The organ is divided into several divisions:
The Great Organ
The Great Organ is the primary manual division, containing lots of foundation stops, and is the division primarily heard during hymns. Most of the pipes visible on the left side of the chancel are from this division; some are also from the Pedal Organ. At present there are nine speaking stops on the Great, controlling 13 ranks of pipes, including the Trompette en Chamade, which is the horizontal rank of pipes above the right side of the chancel. We digitally addied a large Flute stop, as well as Chimes and a Zimbelstern (literally, bell-star) to the Great. The Zimbelstern will most often be heard around Christmas, where it adds a delightful tinkle to Baroque organ works. Two stops from the Pedal organ are now playable on the Great, and, to get real techie, the en Chamade plays at three octaves: 16’, 8’, and 4’. The Great, therefore, grew from the present 10 stop knobs to a new total of 21, plus three blanks for future additions.
The organ also became MIDI capable, which means that, with the addition of a sound module, literally hundreds of new and different sounds will be available to the organist. As church music continues to change and evolve, this will enable Calvary’s future musicians to keep up with current trends. The organ is one of the few musical instruments that have proven capable of evolving, for well over 1,000 years. Most other instruments have either changed or become extinct.
The Swell Organ
The Swell Organ division is located on the left side of the chancel, in a louvered box behind the visible Great pipes, and is played from the third manual (counting up from the bottom.) The vertical louvers open and close, controlled by the organist using a foot pedal, to provide dynamics to the pipes contained in the box. This is the only method an organist has of controlling the volume of a given stop. The name of the division comes from the fact that the sound can “swell,” or get louder. The former organ had two divisions “under expression;” the new console controls three.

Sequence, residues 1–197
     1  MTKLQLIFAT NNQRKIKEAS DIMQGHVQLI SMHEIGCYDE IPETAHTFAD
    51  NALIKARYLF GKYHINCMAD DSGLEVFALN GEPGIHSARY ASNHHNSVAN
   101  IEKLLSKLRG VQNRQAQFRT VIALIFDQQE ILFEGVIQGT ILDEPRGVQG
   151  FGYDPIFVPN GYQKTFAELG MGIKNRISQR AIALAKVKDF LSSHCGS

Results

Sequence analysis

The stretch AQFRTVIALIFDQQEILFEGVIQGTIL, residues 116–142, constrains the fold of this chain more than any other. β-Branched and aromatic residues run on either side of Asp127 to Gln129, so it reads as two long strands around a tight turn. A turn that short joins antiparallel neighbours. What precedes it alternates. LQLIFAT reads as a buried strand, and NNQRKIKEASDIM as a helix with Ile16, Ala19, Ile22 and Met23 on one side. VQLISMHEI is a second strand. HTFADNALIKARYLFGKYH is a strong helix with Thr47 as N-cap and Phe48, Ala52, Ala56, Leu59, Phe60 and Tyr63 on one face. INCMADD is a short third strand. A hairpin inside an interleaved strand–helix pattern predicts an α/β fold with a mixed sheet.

The Swell is the primary “color” division of the organ, used to accompany choral and solo singing, and to add richness and weight to the sound. There are several reed stops: two trumpets (brass in the orchestra, reeds on the organ) and a bassoon, which on the organ is actually imitative of an oboe. Formerly there were two ranks of strings, another example of imitative stops. With the new console we added a second, larger set. String stops are most commonly used in Romantic and Contemporary music. Organists usually refer to them as the “slush” stops, with great fondness!
Formerly, there were 12 ranks of pipes on the Swell, controlled by 16 stop knobs. The new console added extensions to three of these ranks, extending them an octave lower for more sonority and versatility. We also added three digital ranks, the strings and a soft reed stop, all of which increase versatility for service playing and choral accompanying. The Swell grew grow from 16 stop knobs to 21.
The Choir and The Positiv
This article covers the controls on the lowest, or first, manual of the console. On our organ, this comprises two divisions, the Choir and the Positiv. These divisions are both located above the right side of the chancel. The Positiv is an exposed division, visible in the front of the chamber. The smallest, therefore highest pitched, pipes in the organ are contained in the Positiv. This division is imitative of an organ of the Baroque period. At least, in the 1960s this is what they thought a Baroque organ sounded like. Thoughts have greatly changed since then.